When Yelp was founded in 2004 by two early Paypal employees, Russel Simmons and Jeremy Stoppelman (who has previously spoken at Fast Company conferences), they were ambitious entrants into a crowded review market filled with competitors like Citysearch, Digital City, Gayot, and a host of other sites. Thanks to Yelp's smart moves and their competitors' missteps, Yelp became the top reviewing platform for businesses, restaurants, and shops. While Citysearch and Digital City struggled after being acquired by larger companies primarily interested in traffic, Yelp assiduously courted a dedicated user community. The genius of Yelp is that, through meetups, comment boards, and astute community engagement, they managed to make their regular users feel like members of a larger family.

But becoming the top reviewing platform doesn't guarantee a company's financial success. After trying a variety of monetization strategies, Yelp began accepting advertising from businesses reviewed on the site. As of now, Yelp still isn't profitable. And when they started charging advertising fees from the very businesses they list, they opened themselves to a variety of challenges. On the one hand, they're open to allegations of giving advertisers preferential treatment; on the other, advertisers are liable to be upset and stop buying advertising if negative reviews show up.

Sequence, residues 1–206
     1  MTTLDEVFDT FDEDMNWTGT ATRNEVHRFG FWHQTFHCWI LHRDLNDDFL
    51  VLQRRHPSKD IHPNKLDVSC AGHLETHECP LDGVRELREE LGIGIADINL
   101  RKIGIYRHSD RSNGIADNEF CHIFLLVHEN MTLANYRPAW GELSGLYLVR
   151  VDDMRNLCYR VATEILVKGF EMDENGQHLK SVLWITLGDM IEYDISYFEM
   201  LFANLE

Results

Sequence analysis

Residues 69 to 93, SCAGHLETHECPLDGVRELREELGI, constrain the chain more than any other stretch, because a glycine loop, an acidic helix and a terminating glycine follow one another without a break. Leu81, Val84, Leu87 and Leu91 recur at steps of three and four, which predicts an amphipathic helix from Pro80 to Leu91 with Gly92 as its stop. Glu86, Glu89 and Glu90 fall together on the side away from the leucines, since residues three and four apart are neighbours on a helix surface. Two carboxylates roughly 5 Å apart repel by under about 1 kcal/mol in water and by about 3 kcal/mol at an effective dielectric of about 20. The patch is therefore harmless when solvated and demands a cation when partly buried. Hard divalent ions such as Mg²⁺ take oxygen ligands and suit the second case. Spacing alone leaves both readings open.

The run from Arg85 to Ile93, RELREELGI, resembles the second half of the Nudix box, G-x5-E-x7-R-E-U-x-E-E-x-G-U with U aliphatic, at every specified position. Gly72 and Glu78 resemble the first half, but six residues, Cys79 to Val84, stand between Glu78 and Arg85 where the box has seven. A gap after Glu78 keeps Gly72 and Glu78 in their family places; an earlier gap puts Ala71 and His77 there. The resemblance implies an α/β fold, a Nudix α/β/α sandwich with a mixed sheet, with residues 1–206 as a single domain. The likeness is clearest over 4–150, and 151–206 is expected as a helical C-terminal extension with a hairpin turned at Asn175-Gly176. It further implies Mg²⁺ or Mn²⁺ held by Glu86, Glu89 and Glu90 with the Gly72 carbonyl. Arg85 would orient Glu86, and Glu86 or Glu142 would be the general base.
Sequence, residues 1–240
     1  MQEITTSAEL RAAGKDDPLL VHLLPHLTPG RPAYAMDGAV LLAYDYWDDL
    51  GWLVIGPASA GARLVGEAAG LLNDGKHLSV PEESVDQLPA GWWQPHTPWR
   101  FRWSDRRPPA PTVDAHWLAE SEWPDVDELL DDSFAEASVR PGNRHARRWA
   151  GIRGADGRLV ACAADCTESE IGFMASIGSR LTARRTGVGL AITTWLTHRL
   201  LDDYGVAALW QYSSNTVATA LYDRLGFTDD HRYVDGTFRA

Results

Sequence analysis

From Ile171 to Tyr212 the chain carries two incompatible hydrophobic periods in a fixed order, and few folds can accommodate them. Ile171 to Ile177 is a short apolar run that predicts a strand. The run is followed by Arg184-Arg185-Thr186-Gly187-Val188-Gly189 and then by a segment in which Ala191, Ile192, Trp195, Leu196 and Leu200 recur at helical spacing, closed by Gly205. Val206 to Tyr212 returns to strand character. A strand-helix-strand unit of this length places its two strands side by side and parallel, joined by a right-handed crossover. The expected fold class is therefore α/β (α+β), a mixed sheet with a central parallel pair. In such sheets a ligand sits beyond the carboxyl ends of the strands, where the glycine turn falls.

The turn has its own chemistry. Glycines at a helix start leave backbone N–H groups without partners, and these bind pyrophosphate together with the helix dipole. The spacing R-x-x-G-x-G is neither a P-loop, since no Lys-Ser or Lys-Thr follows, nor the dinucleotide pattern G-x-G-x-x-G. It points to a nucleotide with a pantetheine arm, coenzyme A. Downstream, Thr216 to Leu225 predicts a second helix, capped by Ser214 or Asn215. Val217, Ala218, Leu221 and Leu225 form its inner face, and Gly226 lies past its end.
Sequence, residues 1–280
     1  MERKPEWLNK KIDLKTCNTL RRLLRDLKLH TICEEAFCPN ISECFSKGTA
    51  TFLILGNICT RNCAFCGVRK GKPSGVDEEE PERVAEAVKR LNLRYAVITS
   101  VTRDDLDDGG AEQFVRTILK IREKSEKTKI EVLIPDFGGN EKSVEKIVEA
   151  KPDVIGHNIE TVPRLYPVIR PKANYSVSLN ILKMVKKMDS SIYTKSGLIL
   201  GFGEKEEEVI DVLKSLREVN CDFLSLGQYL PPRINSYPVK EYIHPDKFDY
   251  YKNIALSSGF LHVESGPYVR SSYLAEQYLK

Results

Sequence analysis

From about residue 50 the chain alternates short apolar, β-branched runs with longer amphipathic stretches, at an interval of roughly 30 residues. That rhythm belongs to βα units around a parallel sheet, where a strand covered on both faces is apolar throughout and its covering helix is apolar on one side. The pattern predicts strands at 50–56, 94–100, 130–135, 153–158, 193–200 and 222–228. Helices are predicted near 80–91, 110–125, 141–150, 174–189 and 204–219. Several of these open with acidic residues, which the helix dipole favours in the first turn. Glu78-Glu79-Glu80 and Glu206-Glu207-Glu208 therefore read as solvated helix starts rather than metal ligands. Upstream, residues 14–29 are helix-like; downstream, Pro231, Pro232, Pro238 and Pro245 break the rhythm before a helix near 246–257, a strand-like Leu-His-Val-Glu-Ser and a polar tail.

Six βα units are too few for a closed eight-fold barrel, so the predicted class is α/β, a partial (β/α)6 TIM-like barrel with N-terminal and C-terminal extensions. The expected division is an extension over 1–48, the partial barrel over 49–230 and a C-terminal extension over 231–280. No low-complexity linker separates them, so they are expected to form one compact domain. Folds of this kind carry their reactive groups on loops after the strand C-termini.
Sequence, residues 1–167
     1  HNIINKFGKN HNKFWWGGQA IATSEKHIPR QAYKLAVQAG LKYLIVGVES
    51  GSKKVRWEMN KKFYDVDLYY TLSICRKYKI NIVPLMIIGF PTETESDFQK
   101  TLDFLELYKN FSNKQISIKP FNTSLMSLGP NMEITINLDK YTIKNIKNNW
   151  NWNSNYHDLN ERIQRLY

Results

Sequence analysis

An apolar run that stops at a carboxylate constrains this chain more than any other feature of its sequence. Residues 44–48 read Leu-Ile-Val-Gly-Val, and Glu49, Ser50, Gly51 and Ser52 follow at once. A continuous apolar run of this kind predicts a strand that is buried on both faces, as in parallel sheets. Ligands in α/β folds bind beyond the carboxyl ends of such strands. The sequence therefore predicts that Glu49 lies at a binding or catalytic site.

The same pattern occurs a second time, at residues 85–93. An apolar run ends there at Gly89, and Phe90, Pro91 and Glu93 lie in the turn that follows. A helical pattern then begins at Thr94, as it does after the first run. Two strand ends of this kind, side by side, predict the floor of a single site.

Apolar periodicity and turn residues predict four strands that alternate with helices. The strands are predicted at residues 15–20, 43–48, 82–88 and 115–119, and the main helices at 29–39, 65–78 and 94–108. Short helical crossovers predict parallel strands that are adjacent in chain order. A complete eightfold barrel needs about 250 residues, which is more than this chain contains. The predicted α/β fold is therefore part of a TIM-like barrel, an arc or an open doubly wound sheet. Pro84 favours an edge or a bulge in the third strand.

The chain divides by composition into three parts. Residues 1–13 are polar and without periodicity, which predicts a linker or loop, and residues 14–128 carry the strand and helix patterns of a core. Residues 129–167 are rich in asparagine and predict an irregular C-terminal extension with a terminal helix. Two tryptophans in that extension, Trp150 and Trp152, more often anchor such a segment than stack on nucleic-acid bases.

So last year Yelp hired their first Washington lobbyist, former Darrell Issa aide Laurent Crenshaw. Crenshaw assisted the Yelp lobby for protection against lawsuits for online reviews and gave the omnipresent review site presence on Capitol Hill. The company has also teamed up with a government agency, the Small Business Association, to offer nationwide workshops for business owners on marketing insights from online reviews. The ambitious goodwill effort is aimed at winning the hearts of business owners who might otherwise be wary of Yelp.

But goodwill won't keep the lights on. So how can Yelp finally turn a profit?

Here's one answer, but it's not easy to execute: Change the monetization plan. Instead of accepting advertising from local businesses, Yelp could license and leverage their API and review listings. Foursquare is trying a version of this (although Foursquare also accepts advertising from merchants in a similar manner); the company licenses their API and location info to all manner of partners. Facebook is trying a similar strategy for their review-centric Facebook places platform—and it seems that Yelp is slowly waking up the necessity of partnerships. In March, Yelp inked a deal with Yahoo to integrate the service's reviews in local search results. Making deals with Yahoo, Bing, and a host of app developers is messier and more complicated than ad sales, but it's one way Yelp could at least turn its financial slide around.